Indian doctors return after conducting polio corrective surgeries in Nigeria
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A team of Rotarian doctors from India has returned home after conducting over 780 polio corrective surgeries at Abuja in Nigeria.
The team of 25 doctors and volunteers completed 780 surgeries on 353 polio-afflicted patients during the nine-day camp organised at the University of Abuja Teaching Hospital, Gwagwalada, and Federal Medical Centre at Keffi in Nassarawa State, both near Abuja, said Rajendra K Saboo, former world president of Rotary International who conceived the project.
As many as 600 patients were pre-selected from the polio-endemic areas with the help of Federal Minister of Health, Nigeria, and brought to Kubwa for screening besides many other walk-in patients at both the camps.
Saboo said the 25-member team of Rotarian doctors comprised 12 ortho-surgeons, five anesthesiologists, one pathologist, one general surgeon and six volunteers. They arrived in Abuja on December 2 and engaged themselves in screening the patients at National Youth Service Corps camp in Kubwa, he added.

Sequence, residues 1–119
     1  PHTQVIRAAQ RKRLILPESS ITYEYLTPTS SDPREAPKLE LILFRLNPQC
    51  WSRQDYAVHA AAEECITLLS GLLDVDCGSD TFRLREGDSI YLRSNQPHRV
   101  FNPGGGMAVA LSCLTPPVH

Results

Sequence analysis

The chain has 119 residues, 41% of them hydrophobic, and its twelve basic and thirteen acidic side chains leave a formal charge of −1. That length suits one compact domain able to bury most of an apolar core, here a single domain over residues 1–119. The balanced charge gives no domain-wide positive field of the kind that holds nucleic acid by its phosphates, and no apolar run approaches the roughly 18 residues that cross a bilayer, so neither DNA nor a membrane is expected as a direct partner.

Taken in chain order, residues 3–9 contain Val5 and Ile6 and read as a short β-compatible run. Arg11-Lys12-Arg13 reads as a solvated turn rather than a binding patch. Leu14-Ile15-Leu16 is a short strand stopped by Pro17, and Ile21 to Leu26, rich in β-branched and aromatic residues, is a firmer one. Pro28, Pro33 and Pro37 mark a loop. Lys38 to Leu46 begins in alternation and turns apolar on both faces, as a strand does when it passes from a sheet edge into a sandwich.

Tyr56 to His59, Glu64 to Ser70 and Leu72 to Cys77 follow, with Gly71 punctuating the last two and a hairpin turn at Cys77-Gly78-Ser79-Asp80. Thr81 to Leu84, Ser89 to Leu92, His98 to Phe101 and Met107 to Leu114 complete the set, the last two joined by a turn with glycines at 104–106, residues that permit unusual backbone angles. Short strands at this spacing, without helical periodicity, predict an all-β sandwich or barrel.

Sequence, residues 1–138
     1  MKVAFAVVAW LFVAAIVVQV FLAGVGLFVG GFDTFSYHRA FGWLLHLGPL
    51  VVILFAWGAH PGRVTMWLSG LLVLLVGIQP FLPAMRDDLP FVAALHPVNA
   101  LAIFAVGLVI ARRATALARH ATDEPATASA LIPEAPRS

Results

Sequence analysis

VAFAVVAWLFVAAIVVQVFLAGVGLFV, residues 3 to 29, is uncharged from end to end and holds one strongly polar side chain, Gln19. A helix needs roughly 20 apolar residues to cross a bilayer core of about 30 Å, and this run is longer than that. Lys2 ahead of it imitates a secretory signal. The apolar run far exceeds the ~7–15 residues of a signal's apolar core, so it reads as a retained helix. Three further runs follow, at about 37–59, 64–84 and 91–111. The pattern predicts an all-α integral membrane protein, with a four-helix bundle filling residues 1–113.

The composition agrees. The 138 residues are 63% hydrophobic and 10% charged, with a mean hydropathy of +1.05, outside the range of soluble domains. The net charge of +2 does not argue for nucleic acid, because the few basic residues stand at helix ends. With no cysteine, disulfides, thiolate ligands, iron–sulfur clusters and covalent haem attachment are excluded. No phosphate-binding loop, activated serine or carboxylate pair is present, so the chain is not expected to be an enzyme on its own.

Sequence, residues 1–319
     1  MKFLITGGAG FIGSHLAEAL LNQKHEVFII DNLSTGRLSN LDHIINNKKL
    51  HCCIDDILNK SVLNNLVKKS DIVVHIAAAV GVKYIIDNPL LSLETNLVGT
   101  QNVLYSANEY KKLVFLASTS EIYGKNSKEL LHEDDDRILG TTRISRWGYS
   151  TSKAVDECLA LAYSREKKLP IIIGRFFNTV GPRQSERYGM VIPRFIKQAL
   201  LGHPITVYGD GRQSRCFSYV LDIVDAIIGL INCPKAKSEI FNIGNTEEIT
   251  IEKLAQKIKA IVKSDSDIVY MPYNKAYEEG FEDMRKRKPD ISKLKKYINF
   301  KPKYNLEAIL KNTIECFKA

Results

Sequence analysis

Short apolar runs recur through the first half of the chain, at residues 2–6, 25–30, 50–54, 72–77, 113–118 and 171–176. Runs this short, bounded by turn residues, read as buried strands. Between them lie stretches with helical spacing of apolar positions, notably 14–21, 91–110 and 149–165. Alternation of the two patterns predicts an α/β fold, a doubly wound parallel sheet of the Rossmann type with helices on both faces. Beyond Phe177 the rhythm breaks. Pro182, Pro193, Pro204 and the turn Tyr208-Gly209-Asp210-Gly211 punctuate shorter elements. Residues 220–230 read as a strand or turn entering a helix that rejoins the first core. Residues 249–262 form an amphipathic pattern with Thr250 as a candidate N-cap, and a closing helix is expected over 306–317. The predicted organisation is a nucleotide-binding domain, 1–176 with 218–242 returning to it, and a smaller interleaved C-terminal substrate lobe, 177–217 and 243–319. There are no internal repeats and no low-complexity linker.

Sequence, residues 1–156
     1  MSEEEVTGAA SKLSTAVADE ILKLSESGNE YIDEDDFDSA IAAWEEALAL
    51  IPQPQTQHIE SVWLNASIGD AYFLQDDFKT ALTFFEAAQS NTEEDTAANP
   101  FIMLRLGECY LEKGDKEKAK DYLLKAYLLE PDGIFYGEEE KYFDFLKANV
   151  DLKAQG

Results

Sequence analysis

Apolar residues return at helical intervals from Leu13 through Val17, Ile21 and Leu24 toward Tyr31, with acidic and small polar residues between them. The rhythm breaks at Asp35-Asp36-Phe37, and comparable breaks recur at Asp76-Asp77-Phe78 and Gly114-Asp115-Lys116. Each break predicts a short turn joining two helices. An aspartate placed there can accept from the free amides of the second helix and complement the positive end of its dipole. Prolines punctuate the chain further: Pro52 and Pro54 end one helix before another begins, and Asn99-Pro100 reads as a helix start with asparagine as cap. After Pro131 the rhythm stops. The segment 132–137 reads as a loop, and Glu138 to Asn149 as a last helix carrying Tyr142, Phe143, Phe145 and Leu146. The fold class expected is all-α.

The efforts of doctors were acknowledged by the Nigerian government who assured they would step up the efforts to eradicate polio from Nigeria, which is one of the three polio-endemic countries. These doctors were hand-picked as they had the expertise in treating similar patients in India.
Nigeria's Federal Minister of Health, Dr Onyebuchi Chukwu, who is a orthopedic surgeon and a Rotarian, joined the doctors to conduct a polio corrective surgery on a six-year-old girl from Zamfara, as a gesture of solidarity with the team.
This was 26th inter-continental medicare mission after the one initiated by Saboo way back in 1998, engaging Indian doctors to serve beyond borders.